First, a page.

Tuesday, November 29, 2011

Nobel Prizes vs. Friends

“How can I be in the top 1%? I don't study that much. I mean, are the kids in Michigan schools that stupid?”
– Lindsay Weir, Freaks & Geeks episode 18, “Discos & Dragons”

“You're a good student, right? Do you ever think how powerful you could be if you never watched TV?”
– My friend Tyler

I always thought that one day someone would find me out. Surely my final high school exams would reveal the truth. University had to unmask me. At grad school they'd see right through me.

I'm starting to think they never will.

For as long as I can remember, people have been telling me I'm brainy. I vividly recall the other kids in kindergarten saying I should skip first grade (as it turned out, I skipped what would have been second grade). I topped the class throughout school, and over the years I've amassed a not inconsiderable collection of scholarships and academic prizes.

And the whole time I've been waiting, just waiting, for someone to point out the emperor's nudity. For me to max out my academic prowess. For my grades to reflect the amount of work I put in, not the vast ability to intellectually BS I was apparently born with.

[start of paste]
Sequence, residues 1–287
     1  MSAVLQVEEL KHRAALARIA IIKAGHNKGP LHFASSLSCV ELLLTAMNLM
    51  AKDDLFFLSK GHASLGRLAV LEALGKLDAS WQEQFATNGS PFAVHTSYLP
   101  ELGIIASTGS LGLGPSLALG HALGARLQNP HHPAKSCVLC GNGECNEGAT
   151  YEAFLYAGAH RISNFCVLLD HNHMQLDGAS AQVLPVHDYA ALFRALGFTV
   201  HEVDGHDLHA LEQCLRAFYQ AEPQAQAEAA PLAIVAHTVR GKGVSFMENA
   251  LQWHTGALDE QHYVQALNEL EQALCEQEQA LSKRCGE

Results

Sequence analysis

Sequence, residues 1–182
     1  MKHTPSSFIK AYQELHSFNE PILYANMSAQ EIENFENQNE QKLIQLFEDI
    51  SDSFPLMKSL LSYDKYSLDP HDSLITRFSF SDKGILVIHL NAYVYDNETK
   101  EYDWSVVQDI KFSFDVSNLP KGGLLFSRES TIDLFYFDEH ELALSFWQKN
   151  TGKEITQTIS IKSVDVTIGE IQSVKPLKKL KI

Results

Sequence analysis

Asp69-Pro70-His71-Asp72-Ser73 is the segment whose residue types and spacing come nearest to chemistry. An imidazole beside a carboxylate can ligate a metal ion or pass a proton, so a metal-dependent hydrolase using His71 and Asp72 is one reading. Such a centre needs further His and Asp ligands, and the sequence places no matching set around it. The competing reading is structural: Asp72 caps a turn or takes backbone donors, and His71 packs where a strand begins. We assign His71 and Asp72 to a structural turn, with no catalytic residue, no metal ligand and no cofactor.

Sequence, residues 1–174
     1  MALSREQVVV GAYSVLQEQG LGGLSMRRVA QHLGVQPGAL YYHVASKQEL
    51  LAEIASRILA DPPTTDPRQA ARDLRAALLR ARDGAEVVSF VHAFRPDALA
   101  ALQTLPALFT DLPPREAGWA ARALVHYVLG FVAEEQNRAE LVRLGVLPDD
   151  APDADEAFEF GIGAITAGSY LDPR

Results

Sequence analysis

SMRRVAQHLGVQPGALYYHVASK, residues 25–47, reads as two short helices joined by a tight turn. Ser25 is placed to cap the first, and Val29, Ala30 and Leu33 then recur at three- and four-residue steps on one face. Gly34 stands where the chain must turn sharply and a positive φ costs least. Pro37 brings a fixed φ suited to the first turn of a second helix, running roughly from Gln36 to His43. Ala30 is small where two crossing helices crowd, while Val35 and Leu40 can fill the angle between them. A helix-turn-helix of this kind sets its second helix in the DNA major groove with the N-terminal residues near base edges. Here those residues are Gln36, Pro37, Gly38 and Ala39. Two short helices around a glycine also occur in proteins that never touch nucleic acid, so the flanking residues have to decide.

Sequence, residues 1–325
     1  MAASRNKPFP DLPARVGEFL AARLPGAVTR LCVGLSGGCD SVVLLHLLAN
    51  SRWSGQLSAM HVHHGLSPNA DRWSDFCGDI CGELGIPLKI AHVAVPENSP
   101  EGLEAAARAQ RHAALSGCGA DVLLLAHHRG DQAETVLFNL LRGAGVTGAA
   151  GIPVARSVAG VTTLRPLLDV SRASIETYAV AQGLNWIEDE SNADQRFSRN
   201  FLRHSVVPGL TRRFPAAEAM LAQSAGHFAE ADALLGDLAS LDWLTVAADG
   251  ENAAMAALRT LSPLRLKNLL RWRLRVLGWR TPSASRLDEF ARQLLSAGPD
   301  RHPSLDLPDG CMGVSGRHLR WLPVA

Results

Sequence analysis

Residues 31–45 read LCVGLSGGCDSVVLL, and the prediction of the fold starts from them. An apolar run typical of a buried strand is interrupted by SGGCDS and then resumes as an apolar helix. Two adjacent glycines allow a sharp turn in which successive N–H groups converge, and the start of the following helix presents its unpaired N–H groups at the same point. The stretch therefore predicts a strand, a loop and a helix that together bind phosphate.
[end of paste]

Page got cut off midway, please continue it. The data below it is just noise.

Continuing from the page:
I'm starting to think it will never happen.

I haven't always carried the guilt of the lazy A-student. As a prepubescent, I actually did work jolly hard. I consider my 13+ Common Entrance exams (which I took at 12, yada yada) to be the pinnacle of my academic career, because I studied hard and reaped my just reward. Everything since has felt unearned.

And yet the A grades and the accolades have kept coming, even as I've coasted through on the minimum of effort. I've mastered the art of working just hard enough to make people think I am very smart, and no harder. It does make me wonder, as Tyler said, what I could have accomplished if I'd kept on working as hard as I did when I was a preteen.

But I didn't; and actually TV's not to blame (I didn't start watching it until a few years later). The correlation I can pinpoint – the major factor that changed in my life at the same time that I started to coast academically – is that I started having friends.

Contrary to my prep school math teacher's predictions, I am never going to win the Nobel Prize for mathematics. But I am going to spend my leisure time with other humans who enjoy my company. My younger self might have been disappointed with my current self for making that choice, but I'd say it's a pretty fair tradeoff.